• The organisation states that it is “the collective voice of the Muslim world” and works to safeguard and protect the interests of the Muslim world in the spirit of promoting international peace and harmony.
  • The OIC has permanent delegations to the United Nations and the European Union.
  • The Organisation of Islamic Cooperation has 57 members, 56 of which are also member states of the United Nations, the exception being Palestine.
  • Some members, especially in West Africa and South America, are – though with large Muslim populations – not necessarily Muslim majority countries. A few countries with significant Muslim populations, such as Russia and Thailand, sit as Observer States.

In News

  • China and Russia agreed for a closer policy coordination to eradicate the breeding grounds of terrorism which is a significant gain for India in its push to isolate Pakistan internationally on the issue of terrorism post-Pulwama attack.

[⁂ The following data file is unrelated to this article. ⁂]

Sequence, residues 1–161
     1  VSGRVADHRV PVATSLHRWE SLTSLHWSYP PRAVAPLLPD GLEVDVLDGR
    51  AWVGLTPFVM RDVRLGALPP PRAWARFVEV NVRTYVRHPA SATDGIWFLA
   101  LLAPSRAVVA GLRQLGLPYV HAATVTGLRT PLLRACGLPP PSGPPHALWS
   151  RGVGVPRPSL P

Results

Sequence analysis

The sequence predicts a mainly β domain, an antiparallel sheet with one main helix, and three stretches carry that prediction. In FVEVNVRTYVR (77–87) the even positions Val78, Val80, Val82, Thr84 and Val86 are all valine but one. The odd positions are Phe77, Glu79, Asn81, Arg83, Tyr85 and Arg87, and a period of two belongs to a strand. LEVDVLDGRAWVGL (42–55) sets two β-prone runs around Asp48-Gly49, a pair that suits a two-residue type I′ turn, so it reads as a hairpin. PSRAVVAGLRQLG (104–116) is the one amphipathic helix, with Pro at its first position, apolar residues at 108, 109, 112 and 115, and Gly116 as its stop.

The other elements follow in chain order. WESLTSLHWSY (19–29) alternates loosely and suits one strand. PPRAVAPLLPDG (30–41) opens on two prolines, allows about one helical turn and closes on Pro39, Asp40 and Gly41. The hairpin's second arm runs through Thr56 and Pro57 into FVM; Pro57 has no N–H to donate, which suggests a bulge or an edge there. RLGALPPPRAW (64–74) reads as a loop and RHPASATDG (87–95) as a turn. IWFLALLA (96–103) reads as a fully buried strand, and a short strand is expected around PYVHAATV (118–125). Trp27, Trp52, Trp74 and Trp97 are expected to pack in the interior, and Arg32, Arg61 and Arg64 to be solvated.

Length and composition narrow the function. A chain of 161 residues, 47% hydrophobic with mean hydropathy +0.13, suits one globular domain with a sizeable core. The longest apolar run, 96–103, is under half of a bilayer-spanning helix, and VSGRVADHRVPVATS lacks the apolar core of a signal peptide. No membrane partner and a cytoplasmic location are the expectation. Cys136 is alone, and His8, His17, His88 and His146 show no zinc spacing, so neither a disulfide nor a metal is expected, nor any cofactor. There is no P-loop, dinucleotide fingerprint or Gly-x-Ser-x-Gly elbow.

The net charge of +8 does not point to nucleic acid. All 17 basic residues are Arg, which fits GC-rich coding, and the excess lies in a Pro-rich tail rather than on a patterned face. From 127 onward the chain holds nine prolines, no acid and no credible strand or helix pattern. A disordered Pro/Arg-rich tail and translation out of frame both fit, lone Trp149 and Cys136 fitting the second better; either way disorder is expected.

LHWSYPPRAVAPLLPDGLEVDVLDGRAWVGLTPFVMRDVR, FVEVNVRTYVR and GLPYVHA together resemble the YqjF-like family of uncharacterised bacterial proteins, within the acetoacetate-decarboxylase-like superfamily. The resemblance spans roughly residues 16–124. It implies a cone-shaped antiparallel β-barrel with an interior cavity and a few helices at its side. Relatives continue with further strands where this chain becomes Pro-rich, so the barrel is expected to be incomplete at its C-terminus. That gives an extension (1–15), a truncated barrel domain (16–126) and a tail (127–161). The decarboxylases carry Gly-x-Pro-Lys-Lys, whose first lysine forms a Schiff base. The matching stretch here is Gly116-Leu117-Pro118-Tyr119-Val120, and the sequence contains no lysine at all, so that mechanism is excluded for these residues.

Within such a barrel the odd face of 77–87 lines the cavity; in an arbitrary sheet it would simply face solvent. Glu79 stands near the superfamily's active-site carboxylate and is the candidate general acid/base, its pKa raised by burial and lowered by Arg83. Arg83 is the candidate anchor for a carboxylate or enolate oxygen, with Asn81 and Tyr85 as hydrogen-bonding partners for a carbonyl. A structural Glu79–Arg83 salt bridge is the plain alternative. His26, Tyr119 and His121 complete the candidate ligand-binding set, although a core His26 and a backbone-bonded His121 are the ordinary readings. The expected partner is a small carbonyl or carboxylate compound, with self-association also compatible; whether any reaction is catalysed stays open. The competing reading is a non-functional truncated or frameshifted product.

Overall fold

• India on received support for its efforts to counter Pakistan-based terror groups from Russia and China, which said such organisations cannot be used for political goals and those committing terror attacks must be brought to justice.
  • Their commitment came at the conclusion of the Russia, India and China Foreign Ministers’ meeting here in the east Chinese city.
  • A joint communiqué issued after the meeting of the foreign ministers of Russia, India and China (RIC) strongly condemned terrorism and said the three sides “stressed that terrorist groups cannot be supported and used in political and geopolitical goals”.
  • It said “those committing, orchestrating, inciting or supporting terrorist acts must be held accountable and brought to justice in accordance with existing international commitments on countering terrorism”, including the UN Global Counter-Terrorism Strategy, Security Council resolutions and FATF standards. This action should be taken on the principle extradite or prosecute.